Market Malaise

Speaking of sector performance, the market seemed to remain in the same sort of malaise it’s been in for a couple weeks on Thursday as investors might have been squaring positions ahead of earnings. Volume stayed pretty low, as it has been for a while.

The S&P 500 had a very rare unchanged close, though it remains near recent highs just below 2890. There’s been no real concerted attempt this week to test 2900, a potential sign that investors might be waiting for earnings to be the catalyst that sends markets one way or the other.

Sector leaders on Thursday included Financials and Utilities, while laggards included Health Care—which got hit hard—along with Materials and Real Estate. Health Care has been among the weakest-performing sectors over the last three months, which some analysts say might reflect political pressure on the industry to lower prices. Health insurers were some of the sector’s worst performers Thursday.

Though earnings are today’s big story, some data are also on the plate. University of Michigan sentiment for early April is due shortly after the open, and the Briefing.com consensus is 97.6, down slightly from the last reading of 98.4 but still well above the January and February lows.

Key data due next week include March retail sales, March industrial production, and March housing starts and building permits.

Figure 1: A TALE OF TWO SECTORS: Since the start of the year, Health Care (candlestick) is the worst performing S&P 500 sector, hurt by worries about potential legislation designed to push down prices. Info Tech (purple line) is the leading sector year-to-date. Data Source: S&P Dow Jones Indices. Chart source: The thinkorswim® platform from TD Ameritrade. For illustrative purposes only. Past performance does not guarantee future results.

Data Source: S&P Dow Jones Indices. Chart source: The thinkorswim® platform from TD Ameritrade.

Key Data From China Next Week: There’s some important economic data winging its way across the Pacific next Tuesday. That’s the day China is scheduled to release its year-over-year Q1 gross domestic product (GDP) growth, a data point that’s come increasingly in focus for the U.S. market over the last few years as China’s huge economy exerts more influence on U.S. companies. In Q4, China’s GDP growth was 6.4%, while full-year 2018 GDP growth totaled 6.6%, the lowest in 28 years. For Q1, analyst consensus is around 6.3%, according to TradingEconomics, a company that monitors international economic data.

Investors might want to consider keeping a close eye on the numbers under the headline, too, particularly industrial production for Q1. That number came in at 5.7% in Q4—above analyst expectations—while third-party consensus for Q1 industrial production growth stands at 5.8%. If that number comes in low, it could put another cloud over hopes for China’s economic resurgence. Some of the U.S. sectors with heavy exposure to China include Info Tech, Industrials, and Materials.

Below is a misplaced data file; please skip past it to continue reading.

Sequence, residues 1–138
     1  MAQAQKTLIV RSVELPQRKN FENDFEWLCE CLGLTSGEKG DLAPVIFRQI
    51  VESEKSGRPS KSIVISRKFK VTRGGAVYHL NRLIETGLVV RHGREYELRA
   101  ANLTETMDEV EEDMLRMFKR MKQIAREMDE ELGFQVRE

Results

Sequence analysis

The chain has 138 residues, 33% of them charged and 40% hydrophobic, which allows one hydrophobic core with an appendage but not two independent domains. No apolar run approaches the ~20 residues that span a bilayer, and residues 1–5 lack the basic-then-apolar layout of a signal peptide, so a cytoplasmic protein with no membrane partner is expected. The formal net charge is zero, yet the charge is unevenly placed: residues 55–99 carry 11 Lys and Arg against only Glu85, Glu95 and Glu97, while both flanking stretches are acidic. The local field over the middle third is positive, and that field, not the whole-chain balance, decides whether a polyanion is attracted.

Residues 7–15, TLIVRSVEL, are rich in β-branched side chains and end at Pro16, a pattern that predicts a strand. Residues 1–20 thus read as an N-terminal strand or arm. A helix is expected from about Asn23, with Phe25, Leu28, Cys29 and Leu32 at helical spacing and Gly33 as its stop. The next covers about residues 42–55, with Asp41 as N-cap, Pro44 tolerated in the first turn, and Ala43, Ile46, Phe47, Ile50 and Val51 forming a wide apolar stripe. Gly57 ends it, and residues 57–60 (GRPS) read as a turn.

Speaking of GDP: Don’t get too excited, but Q1 U.S. gross domestic product (GDP) estimates are perking up a little. Last month, some analysts started looking for lower than 2% GDP growth in Q1, which would have been a pretty dramatic downturn from total 2018 growth of 2.9%. As of Thursday, the Fed’s GDPNow indicator projects 2.3% growth in Q1, which isn’t anything really outstanding but certainly sounds better than some of the earlier estimates that were out there. The estimate rose from the previous 2.1% due to recent manufacturing data, the Atlanta Fed said. The government’s first Q1 GDP estimate is due April 26.

Yields At Bay Despite Data: So far, this week’s somewhat higher than expected inflation data for March hasn’t apparently had much impact on Treasuries. Yields only moved a smidgen up the ladder early Thursday after the 0.6% rise in March producer prices, and the 10-year yield stayed just under 2.5%. That’s basically the level it’s pivoted around for a while, with some analysts seeing key technical resistance around 2.55%. Meanwhile, that inversion between three-month and 10-year yields that drew so much attention last month has stayed at bay so far in April, with the 10-year yield trading about six basis points above the three-month Thursday. The 10-year yield also has a comfortable 14-basis-point premium to the two-year yield, and those two didn’t invert in March, though they came close. Any soft economic data, whether from the U.S., Europe, or China, conceivably has the potential to put more pressure on the curve, which in turn might help re-ignite fears about the economy here.

TD Ameritrade® commentary for educational purposes only. Member SIPC.